I think I love doing this sort of project because of the stories that form while you’re looking at the images.  The body language, the clothing, the history that is shown even though they weren’t aware of much of it at the time.  The stories grow as the collections come together.  It takes some patience and a good memory for detail to make this all work but the technology we have today makes it all so much easier.  With a little luck and some time this story should come alive and an archive will be available for everyone.

Critters of the Worst Kind

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A few years ago Bill and I put in a perennial garden that included a stone stairway to nowhere.  The garden was on a bank and we had huge flat stones that we placed as stairs.  It was satisfying work and we placed a bench on the top step to sit and enjoy the view of the back forty with our morning coffee.

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Yesterday I noticed this.  

A friend of mine had just posted about the problem he was having with rabbits in his garden.  I had commented on how I have a lot of animals around my garden but they never get in it.  Apparently they have enough to eat everywhere else.

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This hole is huge.  I see these woodchucks daily in the back forty grazing on the grasses and I know where numerous holes are around the property but this one was a surprise.

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Now the problem is how to get rid of the buggers.  I don’t even know how many there are.  I actually don’t mind them being on the property I just don’t want them here.

I’m open to suggestions.

Learning New Things About Old Things

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This morning I was doing some photography for a book that Peggy is writing on wool.  It’s been a long time since I’ve taken photographs for someone else, let alone tabletop items.  It was stressful and wonderful at the same time.  She also wanted a photo of my wool wheel in a specific place.  As you can see I had more than one obstacle to deal with.  He is a master of photo bomb.  I had to physically remove him from the area.

Along with the photographs I took was one I had to scan.

Charlton Woolen Weave Room

This is a photograph of the weave room at Charlton Woolens probably taken in the mid to late 1930’s.  My grandfather’s toolbox is one of many in the photograph.  This photo was one of the many reasons I wanted to experience the Crompton and Knowles power looms. In doing so this photograph is so much richer.  I now have an understanding of what was happening in this room, where the weavers stood, the noise.  I look at this photo and think about how you must have felt the vibrations in your feet and gone home with your ears ringing.  I have a better idea of the kind of job a loom mechanic had.

I’m always amazed at just how long research takes when it comes to history if you want to understand the whole story.  Genealogy gives you the names and dates of the people – the who, what and where kind of thing.  The photographs, when you can find them, begin to fill out the story.  Then there is the living history.  This is far more elusive but when you find it you can put yourself in your ancestors shoes with a little bit of imagination.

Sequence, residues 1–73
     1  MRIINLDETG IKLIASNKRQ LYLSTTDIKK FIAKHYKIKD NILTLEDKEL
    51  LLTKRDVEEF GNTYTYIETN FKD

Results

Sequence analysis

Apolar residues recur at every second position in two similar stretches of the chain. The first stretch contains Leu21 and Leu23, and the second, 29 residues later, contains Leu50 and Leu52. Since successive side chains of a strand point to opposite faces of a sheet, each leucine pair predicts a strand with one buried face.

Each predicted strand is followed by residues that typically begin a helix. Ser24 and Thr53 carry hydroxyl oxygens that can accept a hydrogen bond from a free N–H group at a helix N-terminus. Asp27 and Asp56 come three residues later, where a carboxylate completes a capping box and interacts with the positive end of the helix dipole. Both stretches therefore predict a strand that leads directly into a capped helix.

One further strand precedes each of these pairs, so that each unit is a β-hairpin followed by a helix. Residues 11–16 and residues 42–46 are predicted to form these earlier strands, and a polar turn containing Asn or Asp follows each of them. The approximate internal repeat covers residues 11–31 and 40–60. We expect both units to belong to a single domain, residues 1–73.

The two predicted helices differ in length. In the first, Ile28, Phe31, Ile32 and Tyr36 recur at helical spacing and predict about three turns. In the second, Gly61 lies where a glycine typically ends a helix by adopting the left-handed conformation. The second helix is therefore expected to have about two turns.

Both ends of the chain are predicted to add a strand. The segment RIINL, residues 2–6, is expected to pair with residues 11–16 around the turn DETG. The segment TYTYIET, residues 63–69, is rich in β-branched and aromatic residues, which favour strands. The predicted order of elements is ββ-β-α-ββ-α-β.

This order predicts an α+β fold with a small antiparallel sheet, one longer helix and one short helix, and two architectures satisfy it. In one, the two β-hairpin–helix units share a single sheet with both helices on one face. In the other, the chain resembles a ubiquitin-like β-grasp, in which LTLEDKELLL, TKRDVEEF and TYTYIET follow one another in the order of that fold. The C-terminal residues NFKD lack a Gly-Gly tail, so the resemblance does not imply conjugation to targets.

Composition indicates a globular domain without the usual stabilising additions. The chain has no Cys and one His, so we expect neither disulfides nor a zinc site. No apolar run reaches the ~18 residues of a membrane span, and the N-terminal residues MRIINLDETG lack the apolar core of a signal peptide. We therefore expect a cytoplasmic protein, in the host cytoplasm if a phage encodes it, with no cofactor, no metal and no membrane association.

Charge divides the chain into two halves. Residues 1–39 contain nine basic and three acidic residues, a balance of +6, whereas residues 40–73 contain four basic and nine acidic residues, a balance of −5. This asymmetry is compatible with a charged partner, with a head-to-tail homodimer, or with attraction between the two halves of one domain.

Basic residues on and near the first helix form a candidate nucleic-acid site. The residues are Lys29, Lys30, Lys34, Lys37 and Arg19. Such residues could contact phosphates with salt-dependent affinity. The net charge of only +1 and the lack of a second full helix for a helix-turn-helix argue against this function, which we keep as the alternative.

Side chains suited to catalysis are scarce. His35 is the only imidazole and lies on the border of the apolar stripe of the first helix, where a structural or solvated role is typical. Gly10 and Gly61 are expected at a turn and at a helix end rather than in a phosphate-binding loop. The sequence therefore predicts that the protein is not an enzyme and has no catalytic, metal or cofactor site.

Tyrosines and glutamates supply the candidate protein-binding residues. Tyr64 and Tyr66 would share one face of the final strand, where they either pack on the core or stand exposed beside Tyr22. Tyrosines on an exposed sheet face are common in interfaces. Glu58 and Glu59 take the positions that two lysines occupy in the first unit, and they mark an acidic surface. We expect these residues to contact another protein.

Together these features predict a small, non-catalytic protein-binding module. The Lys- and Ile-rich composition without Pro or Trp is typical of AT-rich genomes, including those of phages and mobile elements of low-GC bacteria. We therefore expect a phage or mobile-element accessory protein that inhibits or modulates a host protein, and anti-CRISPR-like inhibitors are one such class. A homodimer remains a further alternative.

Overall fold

Social history is what makes studying the past come alive.  It’s where you begin to understand a little about the way people thought about their world and made their life decisions.  Public records give you clues into things.  You begin with the big stuff – politics and religion and work your way down to minutia.  Things like what were they wearing and how did it affect how they moved and did their work.  You look at how men and women treated each other, how economics made or broke their lives.

I think there’s been an injustice served on the American people in not teaching our history in a way that is accessible to everyone.  I think a lot of the turmoil that we see is a lack of understanding of what has gone on before.  I feel like people are making up things as they go along in a way that is only self-serving. Their knowledge is so narrow.  Maybe because social media has taken over our lives and rather than read a book we read twitter every morning.  I think the idea of knowing our history has been lost.  It’s too bad because some of the greatest stories ever told are true.

I plug along learning new things about old things everyday.  I’ll continue to put myself into situations where I can understand what was going on or the work involved.  One year I dug my garden plot completely by hand so I could feel what kind of work went into putting in a kitchen garden for the women of 1840.  It’s one thing to read about it, quite another to do it.

The real goal is putting the family history into words with understanding.  Not just any story, a story that makes these people human. One that makes you understand that the world could be just as scary a place to them as it sometimes is to us.  History repeats itself, over and over, but unless you know something about it you don’t recognize it when it happens.